The frequent closure ofthe Srinagar-Jammu highway is taking a heavy toll on fruit growers and tradersin southern Shopian and Pulwama districts.
"One of my fruit trucksreached Delhi almost three weeks late and around 50 percent of the fruit hadturned rotten," said Abdur Rashid, a fruit grower from Shopian.
Mushtaq Ahmad Malik,president, fruit growers and zamindar association said around 25 to 30 percentof the total fruit is "still lying in various cold stores in Kashmir".
Many growers and tradersdid not export their fruit from November to January owing to exorbitant farescharged by transporters, he said.
"For a box of apple to betransported to Delhi, they (transporters) charged Rs 100 to 120 during thesemonths, as against ideal rates of Rs 60 to Rs 70 per-box," he said.
Malik said thatorchardists suffered huge losses despite having a bumper crop this year. "It isboth due to vagaries of weather and government's indifference towards the fruitindustry," Malik added.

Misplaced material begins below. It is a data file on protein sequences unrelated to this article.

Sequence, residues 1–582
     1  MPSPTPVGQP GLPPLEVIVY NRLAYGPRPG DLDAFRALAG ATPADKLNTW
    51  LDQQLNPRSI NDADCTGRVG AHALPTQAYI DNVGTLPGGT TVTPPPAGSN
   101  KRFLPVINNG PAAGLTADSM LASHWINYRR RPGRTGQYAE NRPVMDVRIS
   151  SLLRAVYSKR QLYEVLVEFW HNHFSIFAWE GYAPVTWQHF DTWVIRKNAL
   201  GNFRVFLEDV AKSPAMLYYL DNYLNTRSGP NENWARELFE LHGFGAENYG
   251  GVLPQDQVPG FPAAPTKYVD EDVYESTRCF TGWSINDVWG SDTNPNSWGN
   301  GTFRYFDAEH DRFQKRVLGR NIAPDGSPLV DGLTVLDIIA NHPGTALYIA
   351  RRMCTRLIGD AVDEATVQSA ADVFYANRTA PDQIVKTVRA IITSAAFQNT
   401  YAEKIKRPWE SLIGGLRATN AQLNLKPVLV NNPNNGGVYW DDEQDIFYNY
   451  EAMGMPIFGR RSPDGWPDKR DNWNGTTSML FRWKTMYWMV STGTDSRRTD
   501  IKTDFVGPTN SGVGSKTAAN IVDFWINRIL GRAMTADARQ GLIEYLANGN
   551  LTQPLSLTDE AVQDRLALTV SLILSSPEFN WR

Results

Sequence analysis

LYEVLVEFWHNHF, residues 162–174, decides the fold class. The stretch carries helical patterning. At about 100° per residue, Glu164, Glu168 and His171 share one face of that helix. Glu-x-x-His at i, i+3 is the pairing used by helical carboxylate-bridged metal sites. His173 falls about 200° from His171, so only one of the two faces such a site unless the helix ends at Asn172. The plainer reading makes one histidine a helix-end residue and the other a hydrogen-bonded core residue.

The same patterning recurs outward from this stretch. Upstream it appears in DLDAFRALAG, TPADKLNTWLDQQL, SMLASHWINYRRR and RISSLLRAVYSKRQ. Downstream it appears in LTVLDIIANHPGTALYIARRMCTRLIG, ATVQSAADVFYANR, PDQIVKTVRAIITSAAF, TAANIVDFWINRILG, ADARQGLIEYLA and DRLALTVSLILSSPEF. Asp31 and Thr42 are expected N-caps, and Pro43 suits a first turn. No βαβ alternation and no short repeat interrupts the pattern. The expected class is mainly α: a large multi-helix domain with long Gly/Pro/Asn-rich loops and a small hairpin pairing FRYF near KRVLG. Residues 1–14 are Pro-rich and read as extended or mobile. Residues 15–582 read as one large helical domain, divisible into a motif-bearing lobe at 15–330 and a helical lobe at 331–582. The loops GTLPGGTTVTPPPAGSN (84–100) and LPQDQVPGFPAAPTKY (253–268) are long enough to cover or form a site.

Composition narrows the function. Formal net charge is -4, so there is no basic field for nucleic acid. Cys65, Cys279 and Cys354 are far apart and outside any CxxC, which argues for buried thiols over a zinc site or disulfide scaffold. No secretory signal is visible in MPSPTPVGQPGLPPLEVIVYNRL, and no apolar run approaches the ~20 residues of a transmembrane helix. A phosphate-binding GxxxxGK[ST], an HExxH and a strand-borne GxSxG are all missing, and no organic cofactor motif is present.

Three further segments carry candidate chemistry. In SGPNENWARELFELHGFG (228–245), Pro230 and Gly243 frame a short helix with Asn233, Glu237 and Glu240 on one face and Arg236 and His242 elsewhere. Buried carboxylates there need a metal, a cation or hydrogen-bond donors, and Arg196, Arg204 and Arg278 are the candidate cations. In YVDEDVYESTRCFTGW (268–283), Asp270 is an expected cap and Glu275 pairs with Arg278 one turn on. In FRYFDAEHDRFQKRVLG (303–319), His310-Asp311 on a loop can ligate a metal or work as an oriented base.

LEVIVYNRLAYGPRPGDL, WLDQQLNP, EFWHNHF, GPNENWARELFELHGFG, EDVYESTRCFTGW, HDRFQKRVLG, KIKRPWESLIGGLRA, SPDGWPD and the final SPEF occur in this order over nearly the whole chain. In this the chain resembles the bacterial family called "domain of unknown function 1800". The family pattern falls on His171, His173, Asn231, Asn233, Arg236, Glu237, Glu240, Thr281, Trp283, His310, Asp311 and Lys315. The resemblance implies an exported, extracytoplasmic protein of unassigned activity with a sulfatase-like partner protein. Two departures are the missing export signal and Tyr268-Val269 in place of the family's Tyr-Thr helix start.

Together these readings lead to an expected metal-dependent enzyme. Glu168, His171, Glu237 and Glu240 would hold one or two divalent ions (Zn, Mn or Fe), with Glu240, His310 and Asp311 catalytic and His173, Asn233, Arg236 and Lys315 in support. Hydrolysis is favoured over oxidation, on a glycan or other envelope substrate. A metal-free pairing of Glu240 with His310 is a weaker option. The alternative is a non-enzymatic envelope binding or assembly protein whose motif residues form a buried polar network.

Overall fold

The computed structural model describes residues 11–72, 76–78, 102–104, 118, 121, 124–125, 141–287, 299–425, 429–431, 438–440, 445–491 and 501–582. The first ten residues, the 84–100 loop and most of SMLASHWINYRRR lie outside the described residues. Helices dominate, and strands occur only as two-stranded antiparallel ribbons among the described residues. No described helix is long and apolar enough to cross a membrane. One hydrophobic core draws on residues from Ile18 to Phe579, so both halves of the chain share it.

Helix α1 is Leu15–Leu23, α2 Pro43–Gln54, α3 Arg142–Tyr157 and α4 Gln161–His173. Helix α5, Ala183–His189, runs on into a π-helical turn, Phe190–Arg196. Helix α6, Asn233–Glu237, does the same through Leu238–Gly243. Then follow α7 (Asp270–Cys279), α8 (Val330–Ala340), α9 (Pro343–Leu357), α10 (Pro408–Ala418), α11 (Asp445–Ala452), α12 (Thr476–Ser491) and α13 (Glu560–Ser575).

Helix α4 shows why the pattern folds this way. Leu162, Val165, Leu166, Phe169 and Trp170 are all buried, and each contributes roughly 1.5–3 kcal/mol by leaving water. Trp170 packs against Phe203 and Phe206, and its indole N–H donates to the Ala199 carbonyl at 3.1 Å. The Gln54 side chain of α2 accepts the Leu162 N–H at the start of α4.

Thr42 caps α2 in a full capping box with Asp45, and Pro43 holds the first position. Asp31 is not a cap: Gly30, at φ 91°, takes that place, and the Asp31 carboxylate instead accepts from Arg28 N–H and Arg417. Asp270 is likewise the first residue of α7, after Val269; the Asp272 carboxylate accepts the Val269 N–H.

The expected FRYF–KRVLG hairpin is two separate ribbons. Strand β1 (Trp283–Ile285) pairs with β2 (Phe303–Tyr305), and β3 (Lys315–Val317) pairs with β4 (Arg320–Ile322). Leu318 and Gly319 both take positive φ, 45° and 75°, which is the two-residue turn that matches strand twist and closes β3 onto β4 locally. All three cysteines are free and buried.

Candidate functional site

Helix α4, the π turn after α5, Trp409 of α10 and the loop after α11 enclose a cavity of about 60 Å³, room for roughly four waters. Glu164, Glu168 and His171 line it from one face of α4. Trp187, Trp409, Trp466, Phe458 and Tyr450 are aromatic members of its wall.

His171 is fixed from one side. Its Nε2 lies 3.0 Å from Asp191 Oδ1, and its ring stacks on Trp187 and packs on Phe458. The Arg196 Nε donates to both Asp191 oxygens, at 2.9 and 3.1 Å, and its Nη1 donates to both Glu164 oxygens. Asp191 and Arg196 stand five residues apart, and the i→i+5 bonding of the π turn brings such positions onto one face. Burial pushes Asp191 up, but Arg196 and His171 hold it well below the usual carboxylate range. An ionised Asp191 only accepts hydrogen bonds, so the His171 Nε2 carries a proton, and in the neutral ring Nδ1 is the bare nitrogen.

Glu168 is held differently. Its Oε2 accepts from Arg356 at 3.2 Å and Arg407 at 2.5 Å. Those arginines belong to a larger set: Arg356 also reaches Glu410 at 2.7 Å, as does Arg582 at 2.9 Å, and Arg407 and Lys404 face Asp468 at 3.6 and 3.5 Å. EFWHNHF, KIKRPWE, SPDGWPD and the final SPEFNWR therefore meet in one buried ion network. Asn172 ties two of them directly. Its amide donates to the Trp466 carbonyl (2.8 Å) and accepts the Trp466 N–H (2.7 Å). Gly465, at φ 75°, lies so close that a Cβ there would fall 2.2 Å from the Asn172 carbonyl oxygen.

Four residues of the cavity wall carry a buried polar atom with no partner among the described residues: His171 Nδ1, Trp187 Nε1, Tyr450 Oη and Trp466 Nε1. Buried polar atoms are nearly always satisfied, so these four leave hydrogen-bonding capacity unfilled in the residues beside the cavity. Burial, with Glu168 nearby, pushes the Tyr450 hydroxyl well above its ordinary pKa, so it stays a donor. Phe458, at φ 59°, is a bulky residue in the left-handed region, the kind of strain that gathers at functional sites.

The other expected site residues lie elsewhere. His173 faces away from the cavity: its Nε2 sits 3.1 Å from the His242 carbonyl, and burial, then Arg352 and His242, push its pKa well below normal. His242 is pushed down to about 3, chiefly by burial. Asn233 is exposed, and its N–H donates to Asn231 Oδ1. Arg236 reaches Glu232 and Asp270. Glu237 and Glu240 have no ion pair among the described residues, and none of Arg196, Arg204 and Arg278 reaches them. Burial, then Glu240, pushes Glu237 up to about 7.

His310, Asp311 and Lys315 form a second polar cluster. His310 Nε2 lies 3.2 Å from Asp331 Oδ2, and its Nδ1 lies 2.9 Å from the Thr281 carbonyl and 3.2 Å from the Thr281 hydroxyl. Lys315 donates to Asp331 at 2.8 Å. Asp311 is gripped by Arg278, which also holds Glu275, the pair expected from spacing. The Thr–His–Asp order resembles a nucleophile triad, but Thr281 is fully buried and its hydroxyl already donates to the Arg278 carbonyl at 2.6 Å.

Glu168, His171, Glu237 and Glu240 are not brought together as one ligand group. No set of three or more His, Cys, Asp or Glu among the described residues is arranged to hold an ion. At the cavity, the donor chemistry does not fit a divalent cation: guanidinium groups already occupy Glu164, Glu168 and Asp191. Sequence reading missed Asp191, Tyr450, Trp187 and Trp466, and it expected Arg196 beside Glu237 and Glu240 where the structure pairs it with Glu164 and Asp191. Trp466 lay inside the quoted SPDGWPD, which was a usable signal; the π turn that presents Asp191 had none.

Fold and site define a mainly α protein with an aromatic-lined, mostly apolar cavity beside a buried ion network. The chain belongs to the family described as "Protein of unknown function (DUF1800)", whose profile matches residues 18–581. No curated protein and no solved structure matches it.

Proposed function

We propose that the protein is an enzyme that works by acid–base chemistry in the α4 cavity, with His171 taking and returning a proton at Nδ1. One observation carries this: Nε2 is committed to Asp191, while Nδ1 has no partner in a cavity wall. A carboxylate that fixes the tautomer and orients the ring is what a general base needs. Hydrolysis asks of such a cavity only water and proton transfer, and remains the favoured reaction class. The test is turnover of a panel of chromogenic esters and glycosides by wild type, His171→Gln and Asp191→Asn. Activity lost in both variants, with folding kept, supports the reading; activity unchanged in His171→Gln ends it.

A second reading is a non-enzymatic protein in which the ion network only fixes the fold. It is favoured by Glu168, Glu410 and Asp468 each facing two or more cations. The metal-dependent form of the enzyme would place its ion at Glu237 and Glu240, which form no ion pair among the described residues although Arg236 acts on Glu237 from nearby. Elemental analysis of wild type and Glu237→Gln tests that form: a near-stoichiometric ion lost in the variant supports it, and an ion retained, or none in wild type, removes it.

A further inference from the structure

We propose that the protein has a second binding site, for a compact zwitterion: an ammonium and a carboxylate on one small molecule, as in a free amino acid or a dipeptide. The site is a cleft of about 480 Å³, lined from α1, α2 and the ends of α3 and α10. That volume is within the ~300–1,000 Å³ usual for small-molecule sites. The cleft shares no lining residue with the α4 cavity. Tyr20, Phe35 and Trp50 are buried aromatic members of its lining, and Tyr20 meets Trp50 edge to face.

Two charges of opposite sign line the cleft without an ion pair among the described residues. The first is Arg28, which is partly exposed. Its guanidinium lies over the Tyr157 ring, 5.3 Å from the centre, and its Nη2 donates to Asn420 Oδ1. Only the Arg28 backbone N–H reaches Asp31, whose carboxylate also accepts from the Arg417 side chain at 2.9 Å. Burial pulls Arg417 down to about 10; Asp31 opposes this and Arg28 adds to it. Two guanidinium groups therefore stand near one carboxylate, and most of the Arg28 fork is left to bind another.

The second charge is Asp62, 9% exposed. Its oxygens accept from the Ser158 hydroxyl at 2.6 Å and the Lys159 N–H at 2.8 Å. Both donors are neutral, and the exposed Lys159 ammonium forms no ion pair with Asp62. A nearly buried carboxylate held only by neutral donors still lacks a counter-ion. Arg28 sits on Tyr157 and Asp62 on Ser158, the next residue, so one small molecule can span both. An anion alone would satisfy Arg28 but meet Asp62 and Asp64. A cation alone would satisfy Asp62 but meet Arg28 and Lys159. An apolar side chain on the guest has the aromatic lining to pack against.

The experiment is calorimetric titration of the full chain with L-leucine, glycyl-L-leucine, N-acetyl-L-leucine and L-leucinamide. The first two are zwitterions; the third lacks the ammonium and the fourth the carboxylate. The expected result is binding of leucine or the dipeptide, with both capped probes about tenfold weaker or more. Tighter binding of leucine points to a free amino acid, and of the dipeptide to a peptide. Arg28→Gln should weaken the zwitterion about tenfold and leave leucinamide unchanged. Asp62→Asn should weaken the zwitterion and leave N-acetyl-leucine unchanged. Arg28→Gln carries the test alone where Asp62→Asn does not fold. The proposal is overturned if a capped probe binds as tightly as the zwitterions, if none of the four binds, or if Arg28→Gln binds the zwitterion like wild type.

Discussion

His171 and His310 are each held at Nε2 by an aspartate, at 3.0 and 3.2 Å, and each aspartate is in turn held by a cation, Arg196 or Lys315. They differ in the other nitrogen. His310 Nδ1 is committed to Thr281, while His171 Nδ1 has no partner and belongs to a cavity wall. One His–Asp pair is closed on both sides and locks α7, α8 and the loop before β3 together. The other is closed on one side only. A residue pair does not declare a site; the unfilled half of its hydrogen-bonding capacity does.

Arif Muhammad Mir, whoruns a CA store at Lassipora, Pulwama, said around three lakh apple crates werepresently stored in his facility.
"And more than 40 lakhcrates are stored across 20 cold stores in the area," he said. Mir said thefrequent closure of the Srinagar-Jammu highway, low market rates in variousmandis in India and high transport fares are among reasons why traders andgrowers preferred to store their produce. If the highway continues to remainshut for more days, the growers would suffer further losses, he said.
"In next few weeks, theweather outside J&K would change. It would be hotter there and consequentlyit will reduce the shelf life of fruit. It will be then more difficult to ferrythe fruit to different mandis," he said.
The orchardists werealready grappling with heavy losses due unseasonal snowfall in November lastyear.
In Shopian district alone, the snowfall caused damage to around 40 to 45 percent fruit while in Pulwama, this figure was around 20 to 25 percent.